Architects: Nikken Sekkei + Kornberg Associates + Kuniken
Location: Okinawa, Japan
Year built: 2000
The government’s mission was to create the kind of research environment that would be alluring to anyone in the world working on challenges that are part of the OIST research program. With an initial focus on neurosciences, the plan was to produce a multi-disciplinary facility where the borders between disciplines are removed and physicists, mathematicians, chemists, biologists, engineers and computer scientists work together on the complexities of the brain and the nervous system. Following an international design competition Kornberg Associates and Japanese Architecture and Engineering firms Nikken Sekkei and Kuniken were awarded this important project.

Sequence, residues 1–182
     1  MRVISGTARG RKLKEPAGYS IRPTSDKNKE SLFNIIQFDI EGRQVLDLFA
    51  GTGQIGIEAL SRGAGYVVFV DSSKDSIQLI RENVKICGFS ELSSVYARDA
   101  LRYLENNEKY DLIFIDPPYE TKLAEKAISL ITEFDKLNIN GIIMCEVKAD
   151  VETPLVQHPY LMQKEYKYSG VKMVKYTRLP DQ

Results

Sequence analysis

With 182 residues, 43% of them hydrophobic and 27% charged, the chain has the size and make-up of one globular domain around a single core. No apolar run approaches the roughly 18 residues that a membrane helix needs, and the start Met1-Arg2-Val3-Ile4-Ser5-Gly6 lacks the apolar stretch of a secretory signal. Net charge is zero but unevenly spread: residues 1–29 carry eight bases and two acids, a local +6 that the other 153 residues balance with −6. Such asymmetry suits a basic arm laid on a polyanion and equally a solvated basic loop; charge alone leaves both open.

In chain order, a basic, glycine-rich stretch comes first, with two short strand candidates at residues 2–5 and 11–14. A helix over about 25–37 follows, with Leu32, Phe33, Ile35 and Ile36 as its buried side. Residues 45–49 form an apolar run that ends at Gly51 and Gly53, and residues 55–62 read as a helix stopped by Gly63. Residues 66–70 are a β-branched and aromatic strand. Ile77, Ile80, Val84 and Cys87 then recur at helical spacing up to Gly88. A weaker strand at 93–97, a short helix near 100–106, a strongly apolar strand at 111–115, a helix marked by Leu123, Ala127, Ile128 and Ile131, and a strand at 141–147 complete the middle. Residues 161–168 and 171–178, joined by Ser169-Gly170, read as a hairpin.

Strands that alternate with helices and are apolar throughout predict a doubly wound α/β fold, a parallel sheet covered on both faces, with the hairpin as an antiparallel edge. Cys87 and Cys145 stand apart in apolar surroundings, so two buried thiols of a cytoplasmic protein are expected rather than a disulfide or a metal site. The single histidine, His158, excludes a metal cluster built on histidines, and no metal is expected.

Entry to the campus begins at a pedestrian bridge spanning a reclaimed lake. The journey continues on through a 300 foot subterranean gallery leading to four high-speed elevators that rise 100 feet to the research campus center, unveiling ocean and forested canyon vistas. In the morning the gallery displays that day’s classes, seminars and the cafeteria’s menu, and also highlights research projects being published or in the news. In the evening on the return trip to the campus village and central garage, the gallery displays the next day’s information. This sequence concentrates researchers into a common pathway 20 minutes each day. It also substantially reduces paving, parking and vehicular traffic that would otherwise be required to transport staff and visitors up the mountain to the campus each day. Pedestrian bridges, currently under construction and scheduled for completion in 2012, will span the steep ravines, minimizing the impact of foot traffic on the native terrain and protecting the biologically rich and sensitive areas that serve as diurnal migration routes between ocean and mountains for the native fauna. Honoring local traditions, OIST is built like a modern version of the traditional island castles which still exist on Okinawa: a stone wall, plaza on top, and buildings surrounding the plaza. Many of the exterior walls are covered with the same local quarried stone that was used on regional castles centuries ago.